I was staying within walking distance of the stone circles and two days into my holiday I wrapped up warm and ventured out onto the Fells.
To get to the circles you take a bridleway onto the moor from the edge of the village of Boot. The path takes a fairly steep incline which leads you from the valley floor onto the moor. The paths were covered in ice and the land underfoot, which is usually boggy in paces, was hard and frozen.
As I reached the brow of the hill I felt a wave of dizziness come over me which I put down to the hard walk up. I rested for a few minutes before looking up at the path ahead.
It was then that my inner eye saw them. Lining the bowl shaped moorland were hundreds of ancient figures. There were men, women and children, all with brilliant eyes looking at me, watching and waiting in eerie silence while the wind formed images of them in my mind. I saw the village and circles, the cairns of the dead ones as if they had just been built. These ghosts from the past surrounded me and with sharp focus welcomed me onto their land.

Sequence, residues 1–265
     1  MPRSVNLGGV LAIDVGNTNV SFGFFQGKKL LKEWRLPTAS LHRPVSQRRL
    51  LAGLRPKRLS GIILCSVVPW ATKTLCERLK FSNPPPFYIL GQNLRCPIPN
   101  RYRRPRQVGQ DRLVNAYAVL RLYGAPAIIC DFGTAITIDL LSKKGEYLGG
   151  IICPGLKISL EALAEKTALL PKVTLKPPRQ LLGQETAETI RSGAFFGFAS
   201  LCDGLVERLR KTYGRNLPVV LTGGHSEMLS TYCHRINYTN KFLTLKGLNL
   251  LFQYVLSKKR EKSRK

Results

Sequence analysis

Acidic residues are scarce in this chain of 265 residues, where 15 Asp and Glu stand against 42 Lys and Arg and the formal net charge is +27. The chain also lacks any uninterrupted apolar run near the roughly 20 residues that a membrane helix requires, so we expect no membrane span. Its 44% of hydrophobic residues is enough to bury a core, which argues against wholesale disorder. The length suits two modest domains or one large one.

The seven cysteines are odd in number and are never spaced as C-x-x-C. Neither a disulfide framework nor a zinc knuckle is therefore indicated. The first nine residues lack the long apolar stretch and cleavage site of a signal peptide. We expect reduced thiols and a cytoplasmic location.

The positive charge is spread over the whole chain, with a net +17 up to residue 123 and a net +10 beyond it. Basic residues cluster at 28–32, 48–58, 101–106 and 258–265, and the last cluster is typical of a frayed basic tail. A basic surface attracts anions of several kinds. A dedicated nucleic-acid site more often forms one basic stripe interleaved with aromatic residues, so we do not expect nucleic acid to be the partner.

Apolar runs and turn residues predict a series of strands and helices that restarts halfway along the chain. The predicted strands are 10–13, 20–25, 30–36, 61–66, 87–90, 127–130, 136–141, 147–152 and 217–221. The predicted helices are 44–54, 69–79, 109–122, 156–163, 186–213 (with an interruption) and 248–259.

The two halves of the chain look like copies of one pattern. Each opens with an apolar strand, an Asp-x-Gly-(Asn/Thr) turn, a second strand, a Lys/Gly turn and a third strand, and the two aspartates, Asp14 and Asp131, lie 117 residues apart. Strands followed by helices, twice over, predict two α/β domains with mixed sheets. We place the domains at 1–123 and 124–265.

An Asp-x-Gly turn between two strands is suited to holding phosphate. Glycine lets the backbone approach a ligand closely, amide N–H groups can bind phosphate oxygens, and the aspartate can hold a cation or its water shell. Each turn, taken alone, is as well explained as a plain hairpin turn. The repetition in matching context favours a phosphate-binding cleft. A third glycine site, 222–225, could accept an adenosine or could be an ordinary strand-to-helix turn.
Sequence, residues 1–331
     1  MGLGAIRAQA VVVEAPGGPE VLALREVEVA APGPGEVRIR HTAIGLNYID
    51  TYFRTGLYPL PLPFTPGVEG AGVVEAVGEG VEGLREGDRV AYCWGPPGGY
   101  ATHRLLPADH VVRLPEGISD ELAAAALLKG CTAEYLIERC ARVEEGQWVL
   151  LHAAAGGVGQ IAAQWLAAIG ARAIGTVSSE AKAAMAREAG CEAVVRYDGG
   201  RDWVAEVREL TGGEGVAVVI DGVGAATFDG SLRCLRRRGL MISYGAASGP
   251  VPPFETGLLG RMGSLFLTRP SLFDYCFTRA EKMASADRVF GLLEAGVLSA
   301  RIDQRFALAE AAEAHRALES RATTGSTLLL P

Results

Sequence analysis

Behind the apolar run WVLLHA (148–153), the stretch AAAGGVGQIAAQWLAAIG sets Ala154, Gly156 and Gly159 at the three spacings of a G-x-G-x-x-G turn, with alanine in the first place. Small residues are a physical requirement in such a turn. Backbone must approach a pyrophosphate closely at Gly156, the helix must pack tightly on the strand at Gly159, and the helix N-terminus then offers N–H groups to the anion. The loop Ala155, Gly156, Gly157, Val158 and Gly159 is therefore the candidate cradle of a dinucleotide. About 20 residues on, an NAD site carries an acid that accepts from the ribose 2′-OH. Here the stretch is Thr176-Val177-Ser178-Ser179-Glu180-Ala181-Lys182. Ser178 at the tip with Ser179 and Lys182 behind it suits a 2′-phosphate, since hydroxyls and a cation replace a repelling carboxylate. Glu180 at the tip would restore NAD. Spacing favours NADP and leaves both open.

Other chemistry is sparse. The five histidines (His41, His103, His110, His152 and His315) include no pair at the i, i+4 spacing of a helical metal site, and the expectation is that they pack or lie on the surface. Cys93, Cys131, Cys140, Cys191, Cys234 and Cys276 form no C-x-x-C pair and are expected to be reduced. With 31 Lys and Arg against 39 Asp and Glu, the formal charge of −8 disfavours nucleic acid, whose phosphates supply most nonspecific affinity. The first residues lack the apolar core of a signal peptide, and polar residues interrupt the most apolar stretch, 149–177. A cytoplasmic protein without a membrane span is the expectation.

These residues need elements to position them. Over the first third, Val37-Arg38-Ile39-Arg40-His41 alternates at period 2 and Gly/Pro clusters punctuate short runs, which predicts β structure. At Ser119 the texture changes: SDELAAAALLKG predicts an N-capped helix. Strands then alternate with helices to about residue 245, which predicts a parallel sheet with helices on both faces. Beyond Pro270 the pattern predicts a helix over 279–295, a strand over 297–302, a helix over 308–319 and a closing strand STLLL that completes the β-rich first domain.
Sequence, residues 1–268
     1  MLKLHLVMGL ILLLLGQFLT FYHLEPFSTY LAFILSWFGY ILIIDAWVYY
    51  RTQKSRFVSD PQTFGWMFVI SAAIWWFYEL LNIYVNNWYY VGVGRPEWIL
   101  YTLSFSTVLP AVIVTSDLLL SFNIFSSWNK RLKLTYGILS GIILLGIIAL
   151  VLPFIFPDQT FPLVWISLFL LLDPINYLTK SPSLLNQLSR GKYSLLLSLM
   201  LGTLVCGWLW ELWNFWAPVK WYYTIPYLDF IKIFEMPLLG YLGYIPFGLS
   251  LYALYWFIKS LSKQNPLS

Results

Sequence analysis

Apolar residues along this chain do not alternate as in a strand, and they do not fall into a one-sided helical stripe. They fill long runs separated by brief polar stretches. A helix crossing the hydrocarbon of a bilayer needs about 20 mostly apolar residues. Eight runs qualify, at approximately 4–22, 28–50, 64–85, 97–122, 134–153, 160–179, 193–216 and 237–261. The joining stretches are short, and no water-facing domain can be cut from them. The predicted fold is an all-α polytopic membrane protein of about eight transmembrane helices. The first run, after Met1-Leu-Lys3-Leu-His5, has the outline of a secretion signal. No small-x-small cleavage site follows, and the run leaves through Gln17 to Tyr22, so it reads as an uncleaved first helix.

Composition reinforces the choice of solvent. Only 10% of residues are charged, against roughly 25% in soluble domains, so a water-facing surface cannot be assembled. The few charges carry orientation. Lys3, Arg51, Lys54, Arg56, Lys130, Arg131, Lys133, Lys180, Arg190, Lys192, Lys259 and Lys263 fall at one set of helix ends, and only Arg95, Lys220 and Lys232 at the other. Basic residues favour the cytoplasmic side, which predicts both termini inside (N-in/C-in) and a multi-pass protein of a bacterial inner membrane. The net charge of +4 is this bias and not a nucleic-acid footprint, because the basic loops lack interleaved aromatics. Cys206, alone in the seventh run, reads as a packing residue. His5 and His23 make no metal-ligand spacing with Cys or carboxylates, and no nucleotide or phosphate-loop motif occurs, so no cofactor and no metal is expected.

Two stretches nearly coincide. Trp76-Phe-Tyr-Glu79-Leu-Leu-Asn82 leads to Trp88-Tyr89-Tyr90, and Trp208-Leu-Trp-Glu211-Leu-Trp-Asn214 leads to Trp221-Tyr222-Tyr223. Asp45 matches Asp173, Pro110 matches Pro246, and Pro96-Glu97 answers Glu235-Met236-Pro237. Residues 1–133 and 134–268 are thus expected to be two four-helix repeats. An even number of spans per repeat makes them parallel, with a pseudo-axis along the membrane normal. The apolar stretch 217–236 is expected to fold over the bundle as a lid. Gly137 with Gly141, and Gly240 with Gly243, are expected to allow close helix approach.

I experienced their energy as very feminine and knew in my heart that these people loved the Goddess. In an instant flash I saw them working with the land, planting crops and selecting the best seeds to plant the following spring. I saw the Tribal Priestess making offerings under the full moon on behalf of her people. I saw the older children teasing the younger ones saying the old water Goddess would “get them” if they went too close to the nearby Burnmoor Tarn. These people were happy and they were part of their land.